Alcohol limits: Drinking Responsibly

ID-1001695Students are known for many things: being lazy, eating a lot of beans/noodles, going out, having parties and the big one, drinking. Drinking alcohol is a massive part of student life and one aspect of the lifestyle that is extremely hard to avoid. As a result, there can be some serious consequences from drinking too much and binge drinking. Drinking too much alcohol can cause a wide range of physical damage and may even cause psychological harm. According to an online survey 59% of students have experienced memory loss after a night out binge drinking, 37% have not known how they got home and 33% have experienced some form of injury. Not only that but too much alcohol can lead to weight gain, headaches, raised blood pressure or even premature aging. To help reduce these effects students need to start drinking more responsibly. Here are some helpful tips on how to drink responsibly through your time at university:

 

Don’t drink on an empty stomach

You are more likely to feel the effects of alcohol faster if you drink on an empty stomach. Try eating a good-sized meal before you go out to help prepare your stomach and reduce the chances of being sick.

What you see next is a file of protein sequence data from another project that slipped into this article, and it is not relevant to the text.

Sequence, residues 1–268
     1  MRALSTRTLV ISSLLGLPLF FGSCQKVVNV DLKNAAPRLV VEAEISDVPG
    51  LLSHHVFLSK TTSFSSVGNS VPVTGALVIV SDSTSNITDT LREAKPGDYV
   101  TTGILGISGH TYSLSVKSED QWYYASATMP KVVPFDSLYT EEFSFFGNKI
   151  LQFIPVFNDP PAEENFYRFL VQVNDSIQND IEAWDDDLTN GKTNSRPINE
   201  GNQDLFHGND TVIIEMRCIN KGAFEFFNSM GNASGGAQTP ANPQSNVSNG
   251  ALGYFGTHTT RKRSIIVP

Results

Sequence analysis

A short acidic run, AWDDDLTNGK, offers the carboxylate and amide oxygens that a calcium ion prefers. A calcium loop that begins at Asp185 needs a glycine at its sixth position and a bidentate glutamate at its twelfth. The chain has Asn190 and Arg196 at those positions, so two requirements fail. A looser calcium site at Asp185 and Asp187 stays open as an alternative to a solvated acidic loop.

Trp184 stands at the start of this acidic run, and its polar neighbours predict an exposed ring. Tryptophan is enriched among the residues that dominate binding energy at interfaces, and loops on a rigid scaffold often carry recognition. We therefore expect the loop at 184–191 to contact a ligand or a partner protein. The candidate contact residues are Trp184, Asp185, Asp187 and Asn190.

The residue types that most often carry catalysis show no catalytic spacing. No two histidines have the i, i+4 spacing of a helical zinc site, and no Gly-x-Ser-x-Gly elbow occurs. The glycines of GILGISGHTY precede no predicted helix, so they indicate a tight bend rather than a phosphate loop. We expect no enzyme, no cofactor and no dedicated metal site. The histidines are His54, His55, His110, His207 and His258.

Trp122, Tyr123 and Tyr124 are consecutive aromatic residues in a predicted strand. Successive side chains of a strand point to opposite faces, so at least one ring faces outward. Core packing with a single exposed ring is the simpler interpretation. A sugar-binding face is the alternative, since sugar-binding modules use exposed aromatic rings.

Know your limits

You need to know your own limits, as everyone is different and people can tolerate more than others. So before you start going out, you need to know yourself and your own limits. Don’t forget the whole point of drinking is to enjoy the drink and the company around you.

 

Stay hydrated

Alcohol dehydrates you and draws vitamins and minerals out of your body. So in-between drinks have a glass of water to pace yourself and keep your body properly hydrated, this can also help reduce the chances of a hangover. Plus water is FREE from bars and clubs, so guzzle up!

 

Pace yourself

It’s important to keep a steady pace when out. Many students become easily influenced by others and friends but it’s important that you leave time for alcohol to take its effect. If you do start feeling drunk, drink some water or even have a snack.

 

If you’ve had a heavy drinking session, hangover or not, doctors advise after a night out it takes your body 48 hours to repair and give your body tissues time to recover. So give your body a rest and stay in with some friends as an alternative to a night out. One major myth is that drinking more gets rid of a hangover where in fact drinking in the morning is a risky habit, as you may just be delaying the symptoms until the alcohol wears off again. So next time you’re out drink responsibly and keep an eye out for your friends.

 

Image courtesy of Nicholas Tarling at FreeDigitalPhotos.net

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Jessica McGanity

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